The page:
Oxidative stress accumulates damage induced by reactive oxygen species (ROS) and free radicals. Also, oxidative stress could be involved in presbycusis as well as other diseases associated with aging [30-33]. Although oxidized low-density lipoprotein is the most notable factor in atherosclerosis development, no effect of honeybee larvae on the MDA-LDL was found in this study. However, the serum level of the MDA-LDL in these participants was higher than the normal range in the population aged more than 55 years old (61-105 U/L). A recent animal study reported that the honeybee (Apis melifera) larvae increased nicotinamide in the NAD (nicotinamide adenine dinucleotide) pathway, and that the nicotinamide treatment reduced LPS-stimulated proinflammatory cytokines and attenuated the LPS-induced oxidative stress [34]. The honeybee (Apis melifera) larvae in our study may be contributed to improve speech discrimination in older adults suffering from hearing impairment through the NAD-related signaling mechanism.

Many studies have reported an association of hearing loss with cognitive impairment [35, 36]. Our results showed that the older adults with mild hearing loss were more responsive to the honeybee (Apis melifera) larvae intervention than older adults with moderate hearing loss. Early interventions of only lyophilized powder of enzymolized honeybee (Apis melifera) larvae and cognitive hearing training, listening to music, and hearing aids may improve speech discrimination in noise.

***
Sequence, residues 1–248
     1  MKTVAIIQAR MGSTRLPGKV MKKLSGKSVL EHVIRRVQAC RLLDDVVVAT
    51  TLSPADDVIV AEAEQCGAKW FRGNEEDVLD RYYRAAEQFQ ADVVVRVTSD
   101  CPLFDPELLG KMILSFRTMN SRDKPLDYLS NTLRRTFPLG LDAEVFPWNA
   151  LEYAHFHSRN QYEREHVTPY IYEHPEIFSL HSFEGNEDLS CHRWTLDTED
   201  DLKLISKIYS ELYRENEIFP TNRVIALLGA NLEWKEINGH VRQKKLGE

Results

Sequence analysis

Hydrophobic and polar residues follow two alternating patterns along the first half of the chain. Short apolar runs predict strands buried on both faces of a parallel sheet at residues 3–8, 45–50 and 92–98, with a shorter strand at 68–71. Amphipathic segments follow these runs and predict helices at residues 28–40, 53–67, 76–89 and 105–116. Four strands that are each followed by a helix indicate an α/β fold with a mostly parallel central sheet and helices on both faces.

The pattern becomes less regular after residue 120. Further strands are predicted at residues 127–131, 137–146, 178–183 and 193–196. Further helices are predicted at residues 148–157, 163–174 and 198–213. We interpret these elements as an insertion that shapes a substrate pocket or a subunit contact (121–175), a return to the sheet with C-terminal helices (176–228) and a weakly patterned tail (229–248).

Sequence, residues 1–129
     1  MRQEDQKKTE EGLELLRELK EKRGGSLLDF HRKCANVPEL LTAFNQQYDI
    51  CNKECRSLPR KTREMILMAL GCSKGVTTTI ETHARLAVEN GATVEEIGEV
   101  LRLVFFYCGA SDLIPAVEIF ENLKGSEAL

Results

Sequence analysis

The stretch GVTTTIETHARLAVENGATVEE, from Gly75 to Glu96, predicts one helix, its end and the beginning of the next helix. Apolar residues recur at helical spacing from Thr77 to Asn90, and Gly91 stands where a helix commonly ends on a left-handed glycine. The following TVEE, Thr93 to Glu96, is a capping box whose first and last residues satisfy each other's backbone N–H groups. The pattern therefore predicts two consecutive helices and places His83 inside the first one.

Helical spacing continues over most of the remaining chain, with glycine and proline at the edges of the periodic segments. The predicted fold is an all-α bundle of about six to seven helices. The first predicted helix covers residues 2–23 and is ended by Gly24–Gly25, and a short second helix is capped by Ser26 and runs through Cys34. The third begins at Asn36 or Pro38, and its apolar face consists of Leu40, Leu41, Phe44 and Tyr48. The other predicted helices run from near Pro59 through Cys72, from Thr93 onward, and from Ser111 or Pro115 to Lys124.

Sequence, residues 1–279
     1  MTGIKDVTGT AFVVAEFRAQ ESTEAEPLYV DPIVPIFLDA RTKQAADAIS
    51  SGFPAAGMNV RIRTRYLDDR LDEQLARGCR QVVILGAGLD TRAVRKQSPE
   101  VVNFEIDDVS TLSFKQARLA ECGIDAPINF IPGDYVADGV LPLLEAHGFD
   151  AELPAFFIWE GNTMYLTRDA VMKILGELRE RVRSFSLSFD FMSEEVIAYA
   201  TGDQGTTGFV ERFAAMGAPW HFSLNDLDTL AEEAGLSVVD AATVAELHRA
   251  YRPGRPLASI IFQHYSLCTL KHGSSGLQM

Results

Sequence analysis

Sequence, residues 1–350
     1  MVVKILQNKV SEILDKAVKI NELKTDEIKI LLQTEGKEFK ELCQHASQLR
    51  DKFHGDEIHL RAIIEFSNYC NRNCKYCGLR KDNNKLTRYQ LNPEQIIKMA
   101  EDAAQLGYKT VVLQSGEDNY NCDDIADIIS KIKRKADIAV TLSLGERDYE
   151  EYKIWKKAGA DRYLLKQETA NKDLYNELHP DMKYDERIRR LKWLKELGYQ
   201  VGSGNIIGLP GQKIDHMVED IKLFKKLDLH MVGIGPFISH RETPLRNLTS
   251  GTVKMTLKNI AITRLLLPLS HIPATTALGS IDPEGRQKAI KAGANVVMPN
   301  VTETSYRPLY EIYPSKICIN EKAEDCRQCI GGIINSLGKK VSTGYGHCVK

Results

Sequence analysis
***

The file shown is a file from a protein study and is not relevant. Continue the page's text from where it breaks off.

The intervention potentially improves the time processing ability of hearing, auditory memory, and auditory hearing in noise for older adults. Just as short-term auditory cognitive training was practical for hearing loss in older adults, the 12-week intervention in this study had no significant effect on pure-sound hearing levels but improved speech discrimination in noisy conditions. The subcortical neurotransmission of the auditory system by activating ​​the prefrontal area may be involved in attention selection and the auditory stream separation decline with aging. In addition, the central auditory pathways are modulated by nonprimary auditory pathways such as the hypothalamus, reticular formation and limbic system [15, 36].